Carolin Emcke likes being a witness, observing with out fear and an analytical mind. For 14 years now, she has been travelling to parts of the world stricken by crisis and strife together with photographer Sebastian Bolesch. Emcke goes to places people flee from – Afghanistan, Kosovo, Iraq and Gaza. She says she goes to be a witness and give victims their voice. She is also on a quest to discover how violence affects people.
Born in Mülheim an der Ruhr to a German father and Argentinean mother in 1967, Carolin Emcke studied philosophy, history and political science in Frankfurt and London. She wrote a doctoral thesis in philosophy entitled "Collective Identities." Then Emcke went on to work for eight years in Hamburg for the German weekly news magazine, Der Spiegel.She has been a freelance publicist since 2007. Emcke came into the public eye as an author when in 2012 she published a book about discovering her own sexuality – in German – Wie wir begehrenThe publicist lives in Berlin, where she is deeply involved in the city's cultural life. She moderates podium discussions, organizes events and works as a curator for exhibitions. Emcke believes it is a journalist's job to get involved – intellectually and politically.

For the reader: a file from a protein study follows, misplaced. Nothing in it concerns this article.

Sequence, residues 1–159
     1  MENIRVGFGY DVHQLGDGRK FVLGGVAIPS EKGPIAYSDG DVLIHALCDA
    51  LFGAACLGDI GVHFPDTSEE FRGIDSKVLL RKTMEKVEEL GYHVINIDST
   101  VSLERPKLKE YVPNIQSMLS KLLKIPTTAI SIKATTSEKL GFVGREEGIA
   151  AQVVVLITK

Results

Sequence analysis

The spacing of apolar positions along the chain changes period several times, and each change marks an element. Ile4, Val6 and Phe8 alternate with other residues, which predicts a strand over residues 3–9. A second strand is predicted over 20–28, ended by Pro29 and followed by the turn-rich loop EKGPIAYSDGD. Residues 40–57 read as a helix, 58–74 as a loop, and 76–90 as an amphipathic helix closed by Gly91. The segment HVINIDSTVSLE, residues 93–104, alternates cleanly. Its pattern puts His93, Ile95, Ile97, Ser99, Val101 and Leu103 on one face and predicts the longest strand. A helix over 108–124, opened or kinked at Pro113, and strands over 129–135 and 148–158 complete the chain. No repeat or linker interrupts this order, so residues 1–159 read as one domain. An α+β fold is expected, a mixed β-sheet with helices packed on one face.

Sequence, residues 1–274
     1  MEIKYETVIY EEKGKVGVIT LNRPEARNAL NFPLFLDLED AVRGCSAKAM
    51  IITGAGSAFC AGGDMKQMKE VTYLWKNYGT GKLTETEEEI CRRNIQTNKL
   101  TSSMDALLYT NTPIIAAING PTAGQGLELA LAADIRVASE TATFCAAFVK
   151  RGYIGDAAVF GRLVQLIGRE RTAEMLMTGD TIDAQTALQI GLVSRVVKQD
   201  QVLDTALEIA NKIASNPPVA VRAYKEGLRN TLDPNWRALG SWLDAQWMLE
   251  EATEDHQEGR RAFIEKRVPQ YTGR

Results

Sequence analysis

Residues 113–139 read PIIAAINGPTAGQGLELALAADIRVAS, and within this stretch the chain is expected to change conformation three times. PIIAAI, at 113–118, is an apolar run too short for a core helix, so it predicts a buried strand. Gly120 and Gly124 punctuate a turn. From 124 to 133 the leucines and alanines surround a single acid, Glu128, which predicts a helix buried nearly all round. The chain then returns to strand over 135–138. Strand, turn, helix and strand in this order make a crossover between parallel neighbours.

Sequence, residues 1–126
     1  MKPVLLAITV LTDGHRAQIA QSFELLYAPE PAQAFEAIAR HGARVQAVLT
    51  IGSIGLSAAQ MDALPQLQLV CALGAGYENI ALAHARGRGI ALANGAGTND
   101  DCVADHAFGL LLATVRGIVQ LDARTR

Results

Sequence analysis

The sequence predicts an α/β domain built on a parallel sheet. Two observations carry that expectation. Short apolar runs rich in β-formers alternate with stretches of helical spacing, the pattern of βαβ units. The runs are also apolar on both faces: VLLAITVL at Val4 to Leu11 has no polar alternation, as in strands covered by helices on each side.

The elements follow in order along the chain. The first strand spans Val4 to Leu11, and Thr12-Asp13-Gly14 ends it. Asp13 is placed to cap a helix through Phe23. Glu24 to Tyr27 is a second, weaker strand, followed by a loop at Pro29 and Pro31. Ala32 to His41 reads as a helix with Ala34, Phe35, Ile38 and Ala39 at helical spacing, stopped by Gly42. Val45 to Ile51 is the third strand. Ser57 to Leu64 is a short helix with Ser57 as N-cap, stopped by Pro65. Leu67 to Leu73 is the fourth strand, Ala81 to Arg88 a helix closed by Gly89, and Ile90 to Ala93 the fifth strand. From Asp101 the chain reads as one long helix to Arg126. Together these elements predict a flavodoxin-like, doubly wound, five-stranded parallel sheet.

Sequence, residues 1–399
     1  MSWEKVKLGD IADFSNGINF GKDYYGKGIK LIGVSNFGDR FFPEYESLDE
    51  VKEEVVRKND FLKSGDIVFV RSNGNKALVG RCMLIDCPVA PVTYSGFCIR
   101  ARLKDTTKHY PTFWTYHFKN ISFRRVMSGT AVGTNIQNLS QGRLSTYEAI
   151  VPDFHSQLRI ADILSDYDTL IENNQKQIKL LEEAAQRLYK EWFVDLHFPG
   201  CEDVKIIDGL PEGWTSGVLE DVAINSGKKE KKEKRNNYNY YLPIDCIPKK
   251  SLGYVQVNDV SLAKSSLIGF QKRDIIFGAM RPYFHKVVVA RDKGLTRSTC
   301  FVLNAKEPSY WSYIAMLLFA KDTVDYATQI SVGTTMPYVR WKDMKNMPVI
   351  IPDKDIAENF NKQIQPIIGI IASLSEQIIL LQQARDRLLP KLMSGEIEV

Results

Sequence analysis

Consumers will no longer be able to buy high-powered vacuum cleaners in September. EU policymakers estimate the measures will save families not only energy, but also billions of euros, while keeping their houses clean.
Workers represented by the German train drivers' union are to strike later Monday in a dispute over salaries. Talks between the national railway operator and the unions that represent its employees collapsed in August.
On the anniversary of Hitler's invasion of Poland in 1939, DW spoke with English historian Antony Beevor. He explains Hitler and Stalin's impact on the individual, the global nature of the war, and the morality debate.